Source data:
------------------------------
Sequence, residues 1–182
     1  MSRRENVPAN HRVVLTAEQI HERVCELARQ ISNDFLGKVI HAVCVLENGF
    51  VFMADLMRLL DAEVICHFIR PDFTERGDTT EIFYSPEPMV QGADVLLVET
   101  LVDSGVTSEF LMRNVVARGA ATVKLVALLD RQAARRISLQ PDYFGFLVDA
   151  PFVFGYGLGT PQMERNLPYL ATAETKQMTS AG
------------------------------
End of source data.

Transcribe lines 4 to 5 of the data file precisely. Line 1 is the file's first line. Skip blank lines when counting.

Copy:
   101  LVDSGVTSEF LMRNVVARGA ATVKLVALLD RQAARRISLQ PDYFGFLVDA
   151  PFVFGYGLGT PQMERNLPYL ATAETKQMTS AG